In a recent New York Times op-ed, columnist Nicholas Kristof cites the case of Curtis Wilkerson as an example of lopsided budget priorities (“Priority Test: Health Care or Prisons?”), wherein health care is considered too expensive, yet long and costly prison terms are the norm.
Wilkerson, you see, is a California inmate who became entangled in the state’s three-strikes laws; he’s now serving a life sentence for stealing a $2.50 pair of socks (strike one and two both involved abetting a robbery in 1981 when he was 19).
California doles out $49,000 a year on each inmate housed in a state prison, and $216,000 a year on each young person incarcerated through the juvenile justice system, Kristof notes, while in contrast, the Bay Area’s Urban Strategies Council has found that only $8,000 is spent on each Oakland public school student.
Prison spending has been growing for decades in California and across the country [PDF], along with incarceration rates, under the “tough on crime” banner.
Yet as many public-policy makers are beginning to realize, being tough on crime doesn’t mean that they’re being safer or smarter about it.
Consider illegal drugs and public health.
According to the FBI, most people are serving time behind bars because they’ve committed a drug crime. The agency notes that “law enforcement made more arrests for drug abuse violations (an estimated 1.8 million arrests, or 13 percent of the total number of arrests) than for any other offense in 2007 (the most recent year that official statistics are available).”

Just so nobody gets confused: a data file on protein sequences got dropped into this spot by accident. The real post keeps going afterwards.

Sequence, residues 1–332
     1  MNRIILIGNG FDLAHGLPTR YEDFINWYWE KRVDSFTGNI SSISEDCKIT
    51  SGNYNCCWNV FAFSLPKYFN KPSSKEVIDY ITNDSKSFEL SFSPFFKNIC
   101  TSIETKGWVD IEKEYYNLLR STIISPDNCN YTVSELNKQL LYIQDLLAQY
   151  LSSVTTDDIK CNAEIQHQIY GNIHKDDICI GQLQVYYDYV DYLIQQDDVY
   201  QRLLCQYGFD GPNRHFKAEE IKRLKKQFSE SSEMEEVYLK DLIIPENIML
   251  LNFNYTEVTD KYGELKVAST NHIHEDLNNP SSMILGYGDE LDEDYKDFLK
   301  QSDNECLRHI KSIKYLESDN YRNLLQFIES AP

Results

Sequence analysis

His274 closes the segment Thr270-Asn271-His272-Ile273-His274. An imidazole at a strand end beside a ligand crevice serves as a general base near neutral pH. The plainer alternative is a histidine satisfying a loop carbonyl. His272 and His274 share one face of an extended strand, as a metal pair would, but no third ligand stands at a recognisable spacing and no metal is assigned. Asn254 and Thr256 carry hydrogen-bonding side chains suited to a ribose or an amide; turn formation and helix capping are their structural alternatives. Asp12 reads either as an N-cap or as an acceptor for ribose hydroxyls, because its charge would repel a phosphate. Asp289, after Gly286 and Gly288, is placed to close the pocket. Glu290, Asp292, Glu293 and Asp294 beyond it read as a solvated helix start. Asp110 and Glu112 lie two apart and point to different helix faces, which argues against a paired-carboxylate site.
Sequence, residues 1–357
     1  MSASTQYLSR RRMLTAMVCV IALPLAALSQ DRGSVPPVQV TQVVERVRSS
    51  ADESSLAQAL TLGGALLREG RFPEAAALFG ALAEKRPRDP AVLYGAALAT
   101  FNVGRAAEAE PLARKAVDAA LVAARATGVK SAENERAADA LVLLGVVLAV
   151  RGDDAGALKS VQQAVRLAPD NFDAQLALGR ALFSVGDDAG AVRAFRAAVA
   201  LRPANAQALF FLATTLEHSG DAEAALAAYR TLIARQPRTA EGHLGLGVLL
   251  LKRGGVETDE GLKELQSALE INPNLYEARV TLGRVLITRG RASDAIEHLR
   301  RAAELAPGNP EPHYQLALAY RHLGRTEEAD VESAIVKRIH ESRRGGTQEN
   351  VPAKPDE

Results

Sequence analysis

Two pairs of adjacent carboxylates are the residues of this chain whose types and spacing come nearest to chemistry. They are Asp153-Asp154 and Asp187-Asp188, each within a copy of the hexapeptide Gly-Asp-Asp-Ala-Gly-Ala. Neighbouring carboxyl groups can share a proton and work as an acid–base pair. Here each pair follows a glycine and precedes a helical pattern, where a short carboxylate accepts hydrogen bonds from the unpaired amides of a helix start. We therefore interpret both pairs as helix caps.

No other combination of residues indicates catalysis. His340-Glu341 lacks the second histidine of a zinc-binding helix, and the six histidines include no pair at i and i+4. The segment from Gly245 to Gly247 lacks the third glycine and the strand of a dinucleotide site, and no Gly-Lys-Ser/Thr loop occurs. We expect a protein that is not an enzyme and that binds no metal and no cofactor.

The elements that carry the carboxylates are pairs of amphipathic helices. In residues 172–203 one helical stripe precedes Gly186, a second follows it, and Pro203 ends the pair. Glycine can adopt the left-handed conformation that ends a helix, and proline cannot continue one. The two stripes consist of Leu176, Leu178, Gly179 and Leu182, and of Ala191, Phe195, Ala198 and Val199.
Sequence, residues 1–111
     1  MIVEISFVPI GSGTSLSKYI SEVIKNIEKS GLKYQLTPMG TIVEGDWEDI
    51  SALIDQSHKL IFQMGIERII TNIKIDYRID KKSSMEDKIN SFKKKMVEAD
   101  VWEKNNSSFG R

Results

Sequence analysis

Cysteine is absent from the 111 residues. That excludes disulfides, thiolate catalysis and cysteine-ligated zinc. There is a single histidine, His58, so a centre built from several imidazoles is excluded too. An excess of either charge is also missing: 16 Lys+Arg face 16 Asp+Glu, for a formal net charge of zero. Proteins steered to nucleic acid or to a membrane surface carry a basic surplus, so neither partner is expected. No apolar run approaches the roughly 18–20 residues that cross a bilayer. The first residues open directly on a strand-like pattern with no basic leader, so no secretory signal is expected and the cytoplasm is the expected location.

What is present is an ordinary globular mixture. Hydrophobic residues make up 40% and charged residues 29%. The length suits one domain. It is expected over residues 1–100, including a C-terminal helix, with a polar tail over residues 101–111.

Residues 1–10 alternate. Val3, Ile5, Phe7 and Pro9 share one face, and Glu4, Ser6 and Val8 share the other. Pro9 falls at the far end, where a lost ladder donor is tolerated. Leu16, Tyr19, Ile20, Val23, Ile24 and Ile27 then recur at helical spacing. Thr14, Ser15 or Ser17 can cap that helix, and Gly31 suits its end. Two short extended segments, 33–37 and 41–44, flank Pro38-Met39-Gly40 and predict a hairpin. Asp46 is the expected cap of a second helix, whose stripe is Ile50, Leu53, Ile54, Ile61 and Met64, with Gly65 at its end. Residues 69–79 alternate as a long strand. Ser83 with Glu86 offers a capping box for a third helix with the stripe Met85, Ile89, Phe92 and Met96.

On top of that, federal statistics from 2004 show that 17 percent of state prisoners and 18 percent of federal inmates say that they landed in lock-up committing a crime to get money for drugs.
And then a good majority of them are released.
As I have reported in the past, many parolees are often released battling the same drug addiction that landed them in prison in the first place, which only makes it easier to commit another drug crime or violate their parole.
And then the incarceration cycle begins anew.
So in the end, is our choice really between spending tax dollars on health care and prisons? If we prioritized health care (including mental health and addiction services), how would that impact our prison spending?
Let me know your thoughts, and stay tuned as this blog continues to explore the issue.